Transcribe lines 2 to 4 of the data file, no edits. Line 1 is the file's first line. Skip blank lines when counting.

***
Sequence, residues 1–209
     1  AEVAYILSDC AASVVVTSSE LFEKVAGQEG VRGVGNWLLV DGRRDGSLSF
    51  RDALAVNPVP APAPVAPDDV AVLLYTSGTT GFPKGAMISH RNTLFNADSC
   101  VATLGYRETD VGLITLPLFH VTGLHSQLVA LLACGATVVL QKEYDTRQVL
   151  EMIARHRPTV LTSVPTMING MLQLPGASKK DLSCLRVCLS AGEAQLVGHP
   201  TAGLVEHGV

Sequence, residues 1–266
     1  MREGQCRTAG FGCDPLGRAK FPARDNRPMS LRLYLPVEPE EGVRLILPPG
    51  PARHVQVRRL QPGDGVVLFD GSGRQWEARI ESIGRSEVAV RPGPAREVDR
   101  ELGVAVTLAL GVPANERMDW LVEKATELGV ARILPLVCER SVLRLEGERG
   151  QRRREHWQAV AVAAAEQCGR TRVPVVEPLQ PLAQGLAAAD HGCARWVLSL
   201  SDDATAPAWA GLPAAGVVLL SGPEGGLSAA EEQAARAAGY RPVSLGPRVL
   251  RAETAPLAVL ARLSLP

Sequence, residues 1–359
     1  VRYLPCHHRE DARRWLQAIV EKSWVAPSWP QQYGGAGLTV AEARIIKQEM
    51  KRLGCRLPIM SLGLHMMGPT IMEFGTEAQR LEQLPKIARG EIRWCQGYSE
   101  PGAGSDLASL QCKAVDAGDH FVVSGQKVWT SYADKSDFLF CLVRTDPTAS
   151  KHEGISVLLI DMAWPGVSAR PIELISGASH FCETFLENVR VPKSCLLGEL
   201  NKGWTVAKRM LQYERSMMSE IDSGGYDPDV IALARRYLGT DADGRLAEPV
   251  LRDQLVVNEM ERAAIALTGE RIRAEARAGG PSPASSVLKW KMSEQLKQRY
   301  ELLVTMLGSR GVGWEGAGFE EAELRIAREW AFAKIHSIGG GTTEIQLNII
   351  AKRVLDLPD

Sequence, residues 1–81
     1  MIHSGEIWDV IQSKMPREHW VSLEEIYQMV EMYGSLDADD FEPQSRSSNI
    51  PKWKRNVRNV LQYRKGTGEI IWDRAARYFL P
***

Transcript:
     1  AEVAYILSDC AASVVVTSSE LFEKVAGQEG VRGVGNWLLV DGRRDGSLSF
    51  RDALAVNPVP APAPVAPDDV AVLLYTSGTT GFPKGAMISH RNTLFNADSC
   101  VATLGYRETD VGLITLPLFH VTGLHSQLVA LLACGATVVL QKEYDTRQVL